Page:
When you think about coaching in the workplace, what initially comes to mind is executive coaching for higher-level employees as part of management training and development. However, employee coaching can be helpful at any level, and there are many benefits—both for the individual and for the company.1 This article examines coaching in the workplace, why it’s important and how to conduct coaching conversations to guide an employee. You’ll learn about the practical uses of business coaching, the most important aspect of this training technique and the five main styles for coaching employees.
What is Employee Coaching?
In business coaching, a more experienced, highly skilled person offers guidance and advice to an employee to help them develop new skills, improve their performance and advance their career. Coaching employees is different from mentoring. In the mentor/mentee relationship, a less experienced worker is guided through a program by a more experienced coworker. Coaching is highly personalized and is often used to help educate and encourage employees to improve their work habits, adapt to a changing workplace environment or prepare for a new role.1
Why is Coaching Important in the Workplace?
If the employee wants to enhance their productivity and learn new skills and is open to feedback, coaching can be tremendously beneficial for them, as well as for the company.2
Coaching employees can:
- Improve employee performance
- Enhance job satisfaction
- Help employees achieve personal goals
- Promote collaboration and teamwork
- Encourage open communication and build working relationships
- Teach workers problem-solving skills
- Increase employee retention rates2
An employee who is engaged in learning a new skill set and is being professionally groomed by their employer for career advancement is happier and more productive. The LinkedIn Learning 2019 Workplace Learning Report found that 94% of workers would stay with an organization longer if it invested in their career development.3
How Can You Provide Coaching in a Work Environment?
Coaching employees is a partnership rather than a teacher/student relationship. In helping the person achieve a greater level of expertise, a coach can use various tools and techniques.1
Some of these coaching methods are:
- Meeting one-on-one regularly, with “assignments” between meetings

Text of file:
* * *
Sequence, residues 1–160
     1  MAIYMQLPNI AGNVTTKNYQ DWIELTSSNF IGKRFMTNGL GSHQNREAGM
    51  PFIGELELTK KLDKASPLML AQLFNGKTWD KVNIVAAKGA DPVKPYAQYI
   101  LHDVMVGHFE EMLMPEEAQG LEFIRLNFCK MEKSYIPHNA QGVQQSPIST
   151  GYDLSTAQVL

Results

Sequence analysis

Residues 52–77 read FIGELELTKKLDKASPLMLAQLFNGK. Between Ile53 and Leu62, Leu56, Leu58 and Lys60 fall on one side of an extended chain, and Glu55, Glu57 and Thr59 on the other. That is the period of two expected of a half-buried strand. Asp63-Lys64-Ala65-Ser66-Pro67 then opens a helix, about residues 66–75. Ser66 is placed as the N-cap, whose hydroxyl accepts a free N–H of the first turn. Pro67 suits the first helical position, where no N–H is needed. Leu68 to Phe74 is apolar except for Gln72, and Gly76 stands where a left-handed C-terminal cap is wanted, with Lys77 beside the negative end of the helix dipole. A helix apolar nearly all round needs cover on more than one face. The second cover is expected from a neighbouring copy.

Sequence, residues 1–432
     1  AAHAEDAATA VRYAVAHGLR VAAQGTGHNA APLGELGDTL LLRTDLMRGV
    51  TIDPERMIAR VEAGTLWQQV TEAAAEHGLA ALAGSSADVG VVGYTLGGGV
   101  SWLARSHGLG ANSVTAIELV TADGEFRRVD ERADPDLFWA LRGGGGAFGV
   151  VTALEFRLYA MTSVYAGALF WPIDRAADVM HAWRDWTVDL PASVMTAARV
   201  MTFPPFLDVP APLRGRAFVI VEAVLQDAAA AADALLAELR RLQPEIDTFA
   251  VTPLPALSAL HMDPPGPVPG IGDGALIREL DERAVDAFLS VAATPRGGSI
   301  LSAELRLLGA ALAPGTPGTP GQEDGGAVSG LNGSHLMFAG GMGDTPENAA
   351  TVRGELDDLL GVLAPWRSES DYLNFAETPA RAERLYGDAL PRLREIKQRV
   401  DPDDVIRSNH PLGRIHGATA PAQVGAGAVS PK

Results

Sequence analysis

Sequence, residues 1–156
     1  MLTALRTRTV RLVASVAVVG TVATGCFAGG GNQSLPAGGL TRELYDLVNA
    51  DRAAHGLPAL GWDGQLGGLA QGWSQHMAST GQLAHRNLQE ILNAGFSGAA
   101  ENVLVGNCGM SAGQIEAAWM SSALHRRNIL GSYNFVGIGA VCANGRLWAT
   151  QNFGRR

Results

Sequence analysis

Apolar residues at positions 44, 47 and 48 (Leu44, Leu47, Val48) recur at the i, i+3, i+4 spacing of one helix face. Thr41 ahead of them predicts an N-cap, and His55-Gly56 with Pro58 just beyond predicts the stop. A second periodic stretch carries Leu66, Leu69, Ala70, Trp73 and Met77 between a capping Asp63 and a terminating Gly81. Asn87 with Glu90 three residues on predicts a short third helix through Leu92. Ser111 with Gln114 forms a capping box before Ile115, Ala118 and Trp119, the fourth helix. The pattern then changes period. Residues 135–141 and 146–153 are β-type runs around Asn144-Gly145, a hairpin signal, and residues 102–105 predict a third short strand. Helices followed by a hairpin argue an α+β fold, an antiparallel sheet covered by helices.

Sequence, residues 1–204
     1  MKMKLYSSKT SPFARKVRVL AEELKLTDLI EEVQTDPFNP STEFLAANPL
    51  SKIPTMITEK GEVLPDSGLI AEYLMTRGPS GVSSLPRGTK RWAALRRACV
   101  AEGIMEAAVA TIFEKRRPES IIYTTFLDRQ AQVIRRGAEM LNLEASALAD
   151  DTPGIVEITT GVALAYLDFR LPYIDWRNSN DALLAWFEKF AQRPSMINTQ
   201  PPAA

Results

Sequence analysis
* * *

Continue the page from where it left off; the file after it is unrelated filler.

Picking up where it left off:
- Listening actively and guiding the employee toward solving their own problems
- Using behavioral and personality assessments to determine behaviors and traits that are dominant or may be lacking to better understand work habits and motivations
- Helping the employee set personal goals and develop an action plan, while working with them to overcome obstacles
- Recommending learning resources such as books or classes
- Encouraging the worker to step outside their comfort zone for greater advancement1
The success of such efforts will depend not just on the skills of the coach, but on the determination and drive of the employee.
Tips for Effective Coaching
Successful coaching requires a strong, supportive and trusting relationship between the coach and the employee. In addition to providing frequent feedback to the employee, a coach must also be a good listener. The goal is to create a culture of open communication, where all team members feel that their opinions and ideas are valued by the organization.4
To coach employees effectively, you should:
- Push them to reachable goals and encourage them to take on new tasks, develop skills and expand their capabilities
- Be available to provide support and answer questions
- Encourage staff to interact with each other and share skills and methods
- Build employee confidence by guiding, supporting and recognizing accomplishments
- Ask employees for contributions and welcome different perspectives4
With this approach, you can create a robust work environment that encourages employees to develop their abilities and actively contribute to the organization.
Examples of Coaching in the Workplace
Employee coaching has many practical uses. Here are just some of the scenarios in which coaching employees can be useful.2
An employee’s behavior may be adversely affecting their work or their co-workers. For example, if they are regularly late in completing tasks, a coach can help them to develop time management skills. If an employee is having trouble adapting to workplace innovations, a coach can provide personalized training.2